Kikee Bhutia talks about the contemporary discourses around ‘othering’ in Sikkim and analyse the region’s inter-ethnic challenges
This presentation explores the vernacular discourse surrounding the ambiguous nature of Dhuk lha (Poison deity) in Sikkim. Before its merger with India in 1975, Sikkim was a Himalayan Buddhist kingdom ruled by the Chogyal Dynasty formed in 1642 under the influence of Tibetan theocracy. Today’s demography is primarily made up of the Lhopo (Bhutia), Rong (Lepcha), and Nepalese ethnic groups. Additionally, there are people from Bihar, Bengal, Haryana, Rajasthan, Uttar Pradesh and other parts of India, who are generally referred to as ‘madhise’ ‘dhoti’ (plainsmen) now settled in Sikkim, as well as Tibetan refugees who arrived there after Tibet’s occupation by China in the 1950s.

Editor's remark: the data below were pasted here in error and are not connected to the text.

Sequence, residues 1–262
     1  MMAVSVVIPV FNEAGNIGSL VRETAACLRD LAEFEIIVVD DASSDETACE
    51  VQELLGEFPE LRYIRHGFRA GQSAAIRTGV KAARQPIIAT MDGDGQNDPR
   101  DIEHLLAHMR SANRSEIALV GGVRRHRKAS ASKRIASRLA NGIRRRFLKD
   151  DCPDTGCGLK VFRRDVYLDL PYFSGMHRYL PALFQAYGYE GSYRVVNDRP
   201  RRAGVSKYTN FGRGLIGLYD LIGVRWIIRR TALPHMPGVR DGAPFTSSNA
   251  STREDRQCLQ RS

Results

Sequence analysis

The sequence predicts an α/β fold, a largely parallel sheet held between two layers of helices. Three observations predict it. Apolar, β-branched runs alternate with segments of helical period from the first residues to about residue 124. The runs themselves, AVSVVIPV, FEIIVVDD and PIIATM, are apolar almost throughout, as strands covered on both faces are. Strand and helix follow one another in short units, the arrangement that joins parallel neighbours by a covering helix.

In this talk, I argue that the ambiguous position of Dhuk lha can be interpreted and seen as an outcome of the growing communal and ethnic influence on local, Buddhist and non-Buddhist traditions and belief systems. While communal harmony has long been the ideal norm, this ethnic diversity also always carries the possibility of creating disorder. According to Erikson (1993); “… ethnic relations are being defined and perceived by people; how they talk and think about their own group and its salient characteristics as well as those of other groups, and how particular worldviews are being maintained, contested and transformed.”
Therefore, the fear of being poisoned assumes varied and contested forms among different communities, who reside in Sikkim and often practice demonizing and ‘othering’ each other.